The bars were divided between diet/supplement and better-for-you. However, on the day of SN's visit, the distinctions were somewhat blurred, with Luna and Clif bars found in the diet section and Joyride bars in the better-for-you section. Many of the bars in that set came in tantalizing flavors, such as GeniSoy's Ultimate Chocolate Fudge Brownie and Tiger's Milk's Chocolate Peanut Butter Crisp -- better for you, but tasty, too.
Elsewhere in the store, Power Bar's Protein Plus and Pria Carb Select were promoted in cardboard displays at the registers.
Here, as elsewhere, bargains were plentiful. Tiger's Milk bars were marked down to 69 cents. There were 10 for $10 and five for $5 sales on several others. Many were labeled with "New Item" shelf tags.
400 Marshall Road, Superior
Unlike the conventional supermarkets, this SuperTarget about five miles from Boulder merchandised its energy bars in HBC instead of grocery. The bars were carried near the front of the store in a section marked diet pills and nutrition bars. The selection was substantial, with 10 feet of bars leading off the aisle, followed by Slim-Fast and other weight-loss drinks. Diet supplements ran across the top of the shelf.
Educational signs throughout the store's grocery aisles that described products' benefits and uses also set this store apart from its conventional counterparts. In the bars section, horizontal shelf signs informed shoppers that balanced bars are 40% carbs, 30% protein and 30% fat, and pointed out that low-carb bars' low-calorie, nutrient-dense composition can help with weight loss. Another suggested using bars as meal replacements.
Bars were segregated in three sections, generally as follows: natural (ZonePerfect, Kashi GoLean), low carb (Carborite, Atkins) and weight loss/nutrition (Slim-Fast, Luna). Bars touting a weight-loss message were found throughout, however. Carborite low-carb cereal bars also were found on one of two endcaps devoted to low-carb products.
In the HBC aisle, several varieties were marked with price cuts and for clearance during SN's visit. Among them were individual Luna Bars in Dulce de Leche and S'mores flavors on sale for $1.19; Carborite bars could be had for 99 cents and 84 cents. Other bars were sold there in boxes of six.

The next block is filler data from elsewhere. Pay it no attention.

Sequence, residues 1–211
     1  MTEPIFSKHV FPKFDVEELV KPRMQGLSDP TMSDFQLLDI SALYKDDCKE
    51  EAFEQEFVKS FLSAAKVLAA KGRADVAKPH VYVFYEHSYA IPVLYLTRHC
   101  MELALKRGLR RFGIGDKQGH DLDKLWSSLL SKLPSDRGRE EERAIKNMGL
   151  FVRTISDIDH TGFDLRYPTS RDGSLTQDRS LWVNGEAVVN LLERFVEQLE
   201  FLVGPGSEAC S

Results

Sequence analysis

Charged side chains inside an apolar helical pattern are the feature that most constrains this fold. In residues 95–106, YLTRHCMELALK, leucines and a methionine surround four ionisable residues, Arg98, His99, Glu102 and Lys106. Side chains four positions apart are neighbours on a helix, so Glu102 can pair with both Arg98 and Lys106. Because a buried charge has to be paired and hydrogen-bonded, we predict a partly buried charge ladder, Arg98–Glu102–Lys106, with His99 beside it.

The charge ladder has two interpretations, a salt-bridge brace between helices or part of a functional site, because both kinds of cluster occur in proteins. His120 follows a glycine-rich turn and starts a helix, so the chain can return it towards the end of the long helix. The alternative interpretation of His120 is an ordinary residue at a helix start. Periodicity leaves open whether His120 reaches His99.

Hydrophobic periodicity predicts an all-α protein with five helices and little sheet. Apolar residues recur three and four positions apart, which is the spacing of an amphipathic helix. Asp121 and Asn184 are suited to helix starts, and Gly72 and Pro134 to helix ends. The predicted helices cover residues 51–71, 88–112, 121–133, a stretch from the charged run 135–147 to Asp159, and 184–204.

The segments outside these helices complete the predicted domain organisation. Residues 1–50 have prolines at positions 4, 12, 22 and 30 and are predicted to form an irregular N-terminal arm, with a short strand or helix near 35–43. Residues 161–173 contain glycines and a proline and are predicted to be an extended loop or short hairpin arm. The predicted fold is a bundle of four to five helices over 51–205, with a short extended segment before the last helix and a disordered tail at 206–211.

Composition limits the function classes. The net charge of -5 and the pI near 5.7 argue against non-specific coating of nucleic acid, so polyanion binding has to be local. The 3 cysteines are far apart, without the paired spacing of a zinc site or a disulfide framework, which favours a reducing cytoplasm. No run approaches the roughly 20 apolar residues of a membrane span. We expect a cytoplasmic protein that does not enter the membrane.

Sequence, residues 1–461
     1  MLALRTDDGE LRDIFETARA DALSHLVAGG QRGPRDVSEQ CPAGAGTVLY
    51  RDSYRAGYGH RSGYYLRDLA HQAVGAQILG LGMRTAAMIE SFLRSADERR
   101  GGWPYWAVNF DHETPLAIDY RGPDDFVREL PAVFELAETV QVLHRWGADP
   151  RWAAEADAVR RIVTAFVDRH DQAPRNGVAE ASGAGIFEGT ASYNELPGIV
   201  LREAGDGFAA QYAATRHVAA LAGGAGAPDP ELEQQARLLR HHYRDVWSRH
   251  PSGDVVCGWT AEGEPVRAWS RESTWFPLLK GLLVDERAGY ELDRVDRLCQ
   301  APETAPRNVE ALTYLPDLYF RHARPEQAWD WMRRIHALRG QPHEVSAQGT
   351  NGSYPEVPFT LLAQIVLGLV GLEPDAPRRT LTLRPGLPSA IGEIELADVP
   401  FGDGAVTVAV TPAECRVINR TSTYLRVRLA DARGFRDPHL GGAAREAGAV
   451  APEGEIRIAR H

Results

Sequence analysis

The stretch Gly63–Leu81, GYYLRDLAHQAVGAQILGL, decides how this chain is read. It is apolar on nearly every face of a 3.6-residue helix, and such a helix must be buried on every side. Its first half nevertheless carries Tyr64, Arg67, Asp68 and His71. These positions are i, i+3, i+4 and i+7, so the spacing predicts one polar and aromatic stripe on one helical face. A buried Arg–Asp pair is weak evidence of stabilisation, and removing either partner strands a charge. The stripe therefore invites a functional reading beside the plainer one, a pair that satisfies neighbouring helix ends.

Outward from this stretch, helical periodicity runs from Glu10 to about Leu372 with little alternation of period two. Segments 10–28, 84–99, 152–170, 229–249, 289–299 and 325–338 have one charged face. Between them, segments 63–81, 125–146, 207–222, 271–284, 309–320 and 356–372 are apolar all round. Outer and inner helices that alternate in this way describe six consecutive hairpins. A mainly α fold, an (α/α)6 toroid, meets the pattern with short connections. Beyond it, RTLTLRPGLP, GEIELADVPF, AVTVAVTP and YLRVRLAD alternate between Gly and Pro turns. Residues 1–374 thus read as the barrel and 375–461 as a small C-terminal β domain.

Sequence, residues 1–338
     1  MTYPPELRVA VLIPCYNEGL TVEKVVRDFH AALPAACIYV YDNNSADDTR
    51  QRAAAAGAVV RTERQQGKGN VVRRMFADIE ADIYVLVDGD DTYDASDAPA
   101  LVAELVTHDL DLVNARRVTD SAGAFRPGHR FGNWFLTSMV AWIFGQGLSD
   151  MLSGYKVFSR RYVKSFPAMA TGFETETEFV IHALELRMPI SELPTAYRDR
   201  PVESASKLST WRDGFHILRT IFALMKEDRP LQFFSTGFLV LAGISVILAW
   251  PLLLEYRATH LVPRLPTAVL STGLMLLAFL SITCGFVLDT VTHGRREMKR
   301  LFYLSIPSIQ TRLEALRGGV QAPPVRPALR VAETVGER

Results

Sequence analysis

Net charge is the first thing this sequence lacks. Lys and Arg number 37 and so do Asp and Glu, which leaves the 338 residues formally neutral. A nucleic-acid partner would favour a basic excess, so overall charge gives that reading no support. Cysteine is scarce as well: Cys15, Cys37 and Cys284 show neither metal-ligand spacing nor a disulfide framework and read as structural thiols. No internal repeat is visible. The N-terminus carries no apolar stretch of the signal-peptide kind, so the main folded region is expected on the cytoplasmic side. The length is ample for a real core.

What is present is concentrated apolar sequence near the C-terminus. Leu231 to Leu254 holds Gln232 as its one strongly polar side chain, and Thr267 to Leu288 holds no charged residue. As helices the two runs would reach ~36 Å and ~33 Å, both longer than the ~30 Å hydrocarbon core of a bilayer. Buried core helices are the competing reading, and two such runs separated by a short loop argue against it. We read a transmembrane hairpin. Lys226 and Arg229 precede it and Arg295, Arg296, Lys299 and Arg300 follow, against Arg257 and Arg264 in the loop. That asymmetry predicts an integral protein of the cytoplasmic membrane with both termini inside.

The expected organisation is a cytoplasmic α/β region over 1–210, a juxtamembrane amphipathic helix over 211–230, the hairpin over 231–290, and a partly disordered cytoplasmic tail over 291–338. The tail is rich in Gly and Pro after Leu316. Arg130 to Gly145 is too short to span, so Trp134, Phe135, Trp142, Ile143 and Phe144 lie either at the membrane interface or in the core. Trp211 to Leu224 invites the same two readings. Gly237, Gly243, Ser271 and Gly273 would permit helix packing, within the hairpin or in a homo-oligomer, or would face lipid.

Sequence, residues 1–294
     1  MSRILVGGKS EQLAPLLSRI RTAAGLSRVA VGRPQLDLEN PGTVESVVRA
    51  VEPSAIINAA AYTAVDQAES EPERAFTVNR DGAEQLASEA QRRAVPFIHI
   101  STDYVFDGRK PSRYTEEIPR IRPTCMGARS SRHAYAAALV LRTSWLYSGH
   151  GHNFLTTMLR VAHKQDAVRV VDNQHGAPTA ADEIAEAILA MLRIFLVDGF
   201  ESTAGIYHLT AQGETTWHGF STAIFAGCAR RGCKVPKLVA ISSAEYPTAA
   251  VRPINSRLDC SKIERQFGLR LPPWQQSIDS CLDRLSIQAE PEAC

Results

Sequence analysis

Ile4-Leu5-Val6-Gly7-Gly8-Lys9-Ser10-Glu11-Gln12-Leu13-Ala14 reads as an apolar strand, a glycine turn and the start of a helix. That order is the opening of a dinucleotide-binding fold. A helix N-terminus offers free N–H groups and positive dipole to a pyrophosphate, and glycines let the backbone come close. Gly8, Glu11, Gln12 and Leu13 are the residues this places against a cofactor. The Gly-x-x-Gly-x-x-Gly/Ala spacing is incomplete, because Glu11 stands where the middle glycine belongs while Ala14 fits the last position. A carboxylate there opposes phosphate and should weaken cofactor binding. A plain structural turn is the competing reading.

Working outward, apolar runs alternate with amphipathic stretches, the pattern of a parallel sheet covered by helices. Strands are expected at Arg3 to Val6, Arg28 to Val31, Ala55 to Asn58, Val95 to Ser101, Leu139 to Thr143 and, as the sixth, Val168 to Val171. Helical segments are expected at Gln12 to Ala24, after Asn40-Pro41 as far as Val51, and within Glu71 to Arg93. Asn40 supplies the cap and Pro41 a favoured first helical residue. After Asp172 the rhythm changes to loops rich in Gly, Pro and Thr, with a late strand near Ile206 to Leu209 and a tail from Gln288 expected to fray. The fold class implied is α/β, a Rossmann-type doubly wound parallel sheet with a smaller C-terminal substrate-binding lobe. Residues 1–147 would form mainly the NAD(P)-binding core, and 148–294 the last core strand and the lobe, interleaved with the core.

303 Marshall Road, Superior
The natural foods store distinguished itself from conventional supermarkets with its selection and variety. In Wild Oats Marketplace's new prototype store, located in the same shopping center as the SuperTarget, nearly 200 stockkeeping units filled 16 feet of shelf space in one of the first Center Store aisles. Brands included R.W. Knudsen's Recharge, Power Dream and GeniSoy.
In keeping with its commitment to carry only all-natural foods, the retailer doesn't carry Atkins or other brands that contain artificial ingredients. "We had a lot of people asking for Atkins products," stated Sonja Tuitele, spokeswoman for Wild Oats, the only one of the four retailers that provided a store tour to SN. "We decided, 'No, this is who we are. We're not going to compromise our standards."'
Wild Oats publishes an in-store shopping guide for people seeking low-carb foods.
The retailer is big on cross merchandising, and this category was no exception. Energy drinks ran across the top of the nutrition bar shelves, which stand five feet tall -- a shelf height that runs throughout the new prototype. Bags of soy nuts hung from the shelves, and crackers stood in aisle columns. During the week of Sept. 20, Wild Oats promoted three bars in its ad, ZonePerfect nutrition bars, Kashi Golean bars and PowerBar Harvest Bars, for 99 cents each.